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JAMB Since 2016


By Niyi Akinnaso

In a country where underachievement is pervasive and the government treasury continues to leak, it has become customary for journalists and armchair columnists to focus on negative developments. Yet, there are one or two trailblazers deserving of attention. The Joint Admissions and Matriculation Board, JAMB is one such institution. Yet, much less has been written to highlight the Boards achievements, because the Nigerian press has typically interpreted its role of holding the government and its institutions accountable to mean that we must look for something to criticise or condemn.

To be sure, JAMB has been the focus of media attention for various reasons since its establishment in 1978. Up until 2016, when Professor Ishaq Oloyede was appointed as the new Executive Secretary of the Board, much of the report on JAMB had been negative. That negative focus welcomed Oloyede into office and continued through his first year in office.

A retrospective analysis of JAMB’s activities since 2016 to date reveals several major achievements, which were unprecedented in the history of the Board. These achievements were neither foreseen nor understood when the new Registrar began a comprehensive overhaul of the Board’s activities. In the process, the media focused on the gaps and lapses, which the overhaul revealed, while also criticising the Board for innovations that would eventually be widely accepted because they are found to be extremely beneficial.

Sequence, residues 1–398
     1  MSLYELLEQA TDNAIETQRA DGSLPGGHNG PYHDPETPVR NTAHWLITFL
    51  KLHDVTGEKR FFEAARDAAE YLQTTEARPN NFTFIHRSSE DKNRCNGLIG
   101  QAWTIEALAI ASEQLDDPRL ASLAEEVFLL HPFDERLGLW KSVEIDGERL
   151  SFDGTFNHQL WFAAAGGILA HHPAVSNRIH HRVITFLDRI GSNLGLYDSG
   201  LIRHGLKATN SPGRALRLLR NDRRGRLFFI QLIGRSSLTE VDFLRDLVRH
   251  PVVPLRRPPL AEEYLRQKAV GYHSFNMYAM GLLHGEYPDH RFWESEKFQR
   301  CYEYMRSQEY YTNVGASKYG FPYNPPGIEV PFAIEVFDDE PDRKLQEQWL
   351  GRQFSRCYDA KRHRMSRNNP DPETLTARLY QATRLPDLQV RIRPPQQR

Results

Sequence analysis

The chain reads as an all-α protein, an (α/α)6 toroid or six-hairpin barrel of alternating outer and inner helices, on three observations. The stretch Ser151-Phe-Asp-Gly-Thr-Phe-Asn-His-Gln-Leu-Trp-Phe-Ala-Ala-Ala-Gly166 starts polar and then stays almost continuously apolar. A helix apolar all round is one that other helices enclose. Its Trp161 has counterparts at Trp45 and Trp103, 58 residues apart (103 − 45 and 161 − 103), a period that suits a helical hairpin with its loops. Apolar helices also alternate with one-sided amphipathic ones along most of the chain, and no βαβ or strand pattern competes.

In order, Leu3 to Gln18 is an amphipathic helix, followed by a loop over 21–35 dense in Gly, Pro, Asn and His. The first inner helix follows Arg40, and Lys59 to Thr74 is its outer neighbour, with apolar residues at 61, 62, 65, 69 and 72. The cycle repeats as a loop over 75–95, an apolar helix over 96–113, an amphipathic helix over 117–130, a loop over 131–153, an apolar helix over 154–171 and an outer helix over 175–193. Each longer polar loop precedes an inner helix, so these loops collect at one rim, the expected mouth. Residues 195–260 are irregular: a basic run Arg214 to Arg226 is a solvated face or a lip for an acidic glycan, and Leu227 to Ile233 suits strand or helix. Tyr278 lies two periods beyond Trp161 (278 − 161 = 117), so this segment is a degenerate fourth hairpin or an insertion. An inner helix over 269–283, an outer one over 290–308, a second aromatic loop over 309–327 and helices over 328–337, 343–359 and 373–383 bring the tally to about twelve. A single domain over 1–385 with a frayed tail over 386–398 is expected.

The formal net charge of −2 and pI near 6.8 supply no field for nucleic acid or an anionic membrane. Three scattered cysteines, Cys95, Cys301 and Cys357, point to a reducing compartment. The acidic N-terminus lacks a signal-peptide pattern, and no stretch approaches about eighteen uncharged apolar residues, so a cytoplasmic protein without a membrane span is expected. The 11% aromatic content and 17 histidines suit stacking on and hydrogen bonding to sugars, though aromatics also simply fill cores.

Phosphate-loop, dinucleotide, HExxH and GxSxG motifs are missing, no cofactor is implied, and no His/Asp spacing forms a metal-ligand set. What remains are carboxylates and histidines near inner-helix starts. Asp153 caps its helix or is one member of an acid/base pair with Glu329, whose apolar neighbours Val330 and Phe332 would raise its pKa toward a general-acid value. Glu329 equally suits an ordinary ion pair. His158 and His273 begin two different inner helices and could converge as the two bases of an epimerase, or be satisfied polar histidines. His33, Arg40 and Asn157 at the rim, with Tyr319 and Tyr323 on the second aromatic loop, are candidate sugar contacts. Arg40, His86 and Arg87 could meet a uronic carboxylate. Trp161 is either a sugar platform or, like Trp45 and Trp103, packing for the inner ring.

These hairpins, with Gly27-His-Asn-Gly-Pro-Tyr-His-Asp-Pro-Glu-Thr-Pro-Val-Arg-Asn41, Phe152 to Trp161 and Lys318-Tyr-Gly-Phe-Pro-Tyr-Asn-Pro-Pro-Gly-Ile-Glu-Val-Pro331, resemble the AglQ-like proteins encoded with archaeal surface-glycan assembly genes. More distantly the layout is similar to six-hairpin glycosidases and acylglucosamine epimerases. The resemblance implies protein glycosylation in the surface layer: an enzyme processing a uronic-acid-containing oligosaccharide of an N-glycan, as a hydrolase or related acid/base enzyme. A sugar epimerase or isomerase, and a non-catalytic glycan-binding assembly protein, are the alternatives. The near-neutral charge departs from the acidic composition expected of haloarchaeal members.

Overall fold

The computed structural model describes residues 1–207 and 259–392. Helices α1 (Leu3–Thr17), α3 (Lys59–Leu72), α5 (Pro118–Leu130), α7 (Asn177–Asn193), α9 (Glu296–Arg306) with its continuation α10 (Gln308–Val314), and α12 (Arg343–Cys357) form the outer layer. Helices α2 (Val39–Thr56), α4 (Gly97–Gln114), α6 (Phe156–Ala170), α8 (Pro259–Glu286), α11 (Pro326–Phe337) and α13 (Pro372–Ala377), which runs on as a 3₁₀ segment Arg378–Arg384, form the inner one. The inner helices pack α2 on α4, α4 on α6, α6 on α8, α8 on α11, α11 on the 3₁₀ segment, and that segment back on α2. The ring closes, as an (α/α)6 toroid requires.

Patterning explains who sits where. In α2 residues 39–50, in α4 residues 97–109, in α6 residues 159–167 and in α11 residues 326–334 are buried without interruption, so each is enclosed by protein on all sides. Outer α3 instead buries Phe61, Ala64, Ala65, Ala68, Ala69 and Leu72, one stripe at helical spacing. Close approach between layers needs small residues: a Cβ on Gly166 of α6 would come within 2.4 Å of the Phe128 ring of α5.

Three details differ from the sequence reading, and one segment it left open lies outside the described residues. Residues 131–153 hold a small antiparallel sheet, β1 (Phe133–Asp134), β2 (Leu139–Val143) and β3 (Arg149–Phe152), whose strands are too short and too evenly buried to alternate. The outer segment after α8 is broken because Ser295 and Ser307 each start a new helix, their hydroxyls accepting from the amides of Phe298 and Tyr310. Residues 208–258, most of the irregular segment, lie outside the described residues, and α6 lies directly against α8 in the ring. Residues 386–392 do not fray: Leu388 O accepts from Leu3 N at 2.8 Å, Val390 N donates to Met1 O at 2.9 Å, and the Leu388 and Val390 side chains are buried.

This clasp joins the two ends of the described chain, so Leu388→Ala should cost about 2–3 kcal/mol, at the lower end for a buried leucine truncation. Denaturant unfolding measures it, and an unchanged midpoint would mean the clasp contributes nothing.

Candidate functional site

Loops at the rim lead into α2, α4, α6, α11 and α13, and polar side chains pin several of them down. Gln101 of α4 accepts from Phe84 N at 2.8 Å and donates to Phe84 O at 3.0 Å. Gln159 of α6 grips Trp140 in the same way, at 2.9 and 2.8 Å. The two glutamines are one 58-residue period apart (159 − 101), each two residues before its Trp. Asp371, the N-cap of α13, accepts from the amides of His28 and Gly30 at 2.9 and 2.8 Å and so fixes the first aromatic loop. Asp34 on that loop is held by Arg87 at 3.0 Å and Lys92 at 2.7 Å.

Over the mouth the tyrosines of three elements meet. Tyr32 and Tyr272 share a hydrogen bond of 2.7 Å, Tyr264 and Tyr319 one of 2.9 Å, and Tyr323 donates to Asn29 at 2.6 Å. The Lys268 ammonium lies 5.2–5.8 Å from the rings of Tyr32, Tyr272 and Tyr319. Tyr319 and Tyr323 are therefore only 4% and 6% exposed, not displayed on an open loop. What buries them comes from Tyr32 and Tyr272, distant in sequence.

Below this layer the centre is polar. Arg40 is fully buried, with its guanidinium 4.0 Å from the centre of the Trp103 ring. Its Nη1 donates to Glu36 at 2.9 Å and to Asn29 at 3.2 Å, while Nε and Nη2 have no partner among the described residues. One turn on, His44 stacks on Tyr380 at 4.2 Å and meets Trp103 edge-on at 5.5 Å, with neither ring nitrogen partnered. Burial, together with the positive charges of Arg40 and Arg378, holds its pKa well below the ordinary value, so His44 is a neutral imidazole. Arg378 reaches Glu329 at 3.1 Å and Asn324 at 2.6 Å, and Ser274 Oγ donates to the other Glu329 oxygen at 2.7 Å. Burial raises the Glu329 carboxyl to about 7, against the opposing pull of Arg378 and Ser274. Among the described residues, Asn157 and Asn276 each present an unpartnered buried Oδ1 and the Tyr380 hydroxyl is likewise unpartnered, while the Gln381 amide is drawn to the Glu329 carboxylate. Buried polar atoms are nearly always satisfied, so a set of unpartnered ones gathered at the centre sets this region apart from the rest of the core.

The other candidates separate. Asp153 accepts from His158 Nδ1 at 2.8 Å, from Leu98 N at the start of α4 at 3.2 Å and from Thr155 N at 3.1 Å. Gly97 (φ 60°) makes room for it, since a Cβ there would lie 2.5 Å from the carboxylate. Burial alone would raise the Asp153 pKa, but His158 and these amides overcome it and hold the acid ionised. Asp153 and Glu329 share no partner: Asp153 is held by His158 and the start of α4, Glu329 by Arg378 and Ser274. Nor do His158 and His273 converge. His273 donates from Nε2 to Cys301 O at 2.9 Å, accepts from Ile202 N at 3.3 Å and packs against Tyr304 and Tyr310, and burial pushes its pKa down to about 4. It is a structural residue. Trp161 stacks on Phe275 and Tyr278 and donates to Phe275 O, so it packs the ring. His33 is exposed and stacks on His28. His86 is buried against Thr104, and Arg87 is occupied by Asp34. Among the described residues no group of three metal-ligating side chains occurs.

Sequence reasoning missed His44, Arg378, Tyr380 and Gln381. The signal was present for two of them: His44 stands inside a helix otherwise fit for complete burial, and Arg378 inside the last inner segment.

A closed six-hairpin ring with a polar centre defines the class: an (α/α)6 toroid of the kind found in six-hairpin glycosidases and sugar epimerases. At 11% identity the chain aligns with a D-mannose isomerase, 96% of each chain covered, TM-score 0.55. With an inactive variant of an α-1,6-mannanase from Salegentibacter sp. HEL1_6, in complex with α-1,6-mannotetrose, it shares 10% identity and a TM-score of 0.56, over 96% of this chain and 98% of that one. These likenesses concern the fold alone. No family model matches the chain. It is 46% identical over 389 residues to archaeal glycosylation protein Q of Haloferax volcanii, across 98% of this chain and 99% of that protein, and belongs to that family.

The first major development was the reorganisation of the Board’s activities through the deployment of new technologies, which allowed the Board to streamline and speed up the processes of registration and verification of results; to detect abuse in Computer Based Test Centers both by Center owners and test takers; to administer the distribution of admission spaces in a fair, equitable, and transparent manner; to ramp up capacity building in specific areas for its staff; and to save operational and management costs.

A few examples will suffice. First, by closely monitoring CBT Centers and test takers over the years, JAMB had discovered and delisted defaulting CBTs, while also cancelling the results of test cheaters and prosecuting them, where necessary. It is now nearly impossible for fake candidate to stand in for a genuine applicant. The ultimate goal is to make the UTME error-free, rigorous, fair, and reliable enough for tertiary institutions.

A second development is the elimination of the old-fashioned methods of using scratch card, third parties, such as Cybercafes, and text messaging for checking UTME results. JAMB has now gone fully digital with the result verification process. Students can now check and even print their results for free from the comfort of their homes by logging on the Board’s website at www.jamb.gov.ng. After three simple steps, the result slip could be printed: One, click on QUICK LINKS. Two, click on E Facility. Three, provide your registration details and click on check my results. Bingo! Your result notification slip will be displayed for printing.

A third major innovation is the Central Admissions Processing System. It is an automated system for all institutions in the country to conduct their admissions. This system has three major advantages. First, it takes JAMB out of the show and leaves the sole authority for recommending candidates for admission to the respective institutions—universities, polytechnics, colleges of education, and so on.